l. Today the sounds of water and tapping keys make me consider
   how laughter affects the weather.

2. I wonder why coffee brewing arouses my sense of smell
    more than tasting it.

3. Flying geese make sounds like rusty hinges when
    they fly overhead.

4. I wonder what happened the first time someone looked up at the stars.

5. Will we overpopulate the other universes and trash them also?

6. Does the sun hold his breathe when he dips behind the sea?

7. Are people naturally negative and need to hold vertical poles to make pluses out of their flat lines?

8   Maybe the earth is twirling faster than our brains.

9. I wonder how many writers made words from alphabet soup?

10. The moon looked like someone had taken a bite out of it but it still splashed light on my wall.

11. The lizards are everywhere in all sizes. How do they run faster than I do?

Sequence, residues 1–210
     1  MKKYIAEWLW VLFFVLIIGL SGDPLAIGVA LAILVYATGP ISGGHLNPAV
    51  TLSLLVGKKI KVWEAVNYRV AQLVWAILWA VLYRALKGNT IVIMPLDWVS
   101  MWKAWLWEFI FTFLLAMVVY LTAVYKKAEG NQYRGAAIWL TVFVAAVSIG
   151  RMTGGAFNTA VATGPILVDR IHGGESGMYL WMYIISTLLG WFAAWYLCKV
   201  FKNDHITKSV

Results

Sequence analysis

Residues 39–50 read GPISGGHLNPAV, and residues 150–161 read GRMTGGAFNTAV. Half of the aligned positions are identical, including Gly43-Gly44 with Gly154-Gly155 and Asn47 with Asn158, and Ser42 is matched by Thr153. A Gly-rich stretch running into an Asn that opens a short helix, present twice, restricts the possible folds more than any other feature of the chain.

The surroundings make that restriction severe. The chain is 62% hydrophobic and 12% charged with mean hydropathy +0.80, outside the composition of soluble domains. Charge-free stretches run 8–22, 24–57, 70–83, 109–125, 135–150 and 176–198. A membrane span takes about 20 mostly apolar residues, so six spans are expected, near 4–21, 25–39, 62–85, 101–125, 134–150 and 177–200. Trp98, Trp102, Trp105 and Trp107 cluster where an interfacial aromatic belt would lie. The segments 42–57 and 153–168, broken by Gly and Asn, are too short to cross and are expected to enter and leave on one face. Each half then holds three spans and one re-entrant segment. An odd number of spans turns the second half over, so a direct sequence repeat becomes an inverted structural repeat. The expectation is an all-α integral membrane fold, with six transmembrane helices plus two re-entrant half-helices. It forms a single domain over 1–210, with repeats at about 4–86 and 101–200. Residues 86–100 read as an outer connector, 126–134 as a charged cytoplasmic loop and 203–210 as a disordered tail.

12. I advised students to take their characters to the zoo and it helped.

13. The cantalope loped down my throat.

14. Everyone needs to take a partial day of "fallow."

15. It takes discipline to become playful.

16. Why must we give up our childlike engagements with life?

17. Good habits need more encouragement. They work hard too.

18. Imagine taking a train for several hours and writing until your fingers cramp.

19. Do trees snicker when we pass?

20. Do seahorses think about racing or pulling chariots?

21. Who invented how to eat artichokes?

22. I'd like to chat with my parents for a day about what they miss most about life.

23. Oh for a thick, butterscotch malt with chunks of coconut in it.

24. Do pigeons get dizzy from their heads jiggling when they walk?

25. What causes bubbles?

Creative Write:
How many poems or story starts can you generate from your one-liners? What if you combine three and see where they go? Circle three, then three more. Really play with your daily notions.

Ponds of Possibility

- Rene Magritte

We need enchantment, fun and wonder in life and in our poetry. Why not incorporate elements that mix illusion with the every day life? Let unlikely images collide. Weave dreams with logic. We can get our imaginative motors going by reading science fiction or fantasy and observing the elements in surreal painting.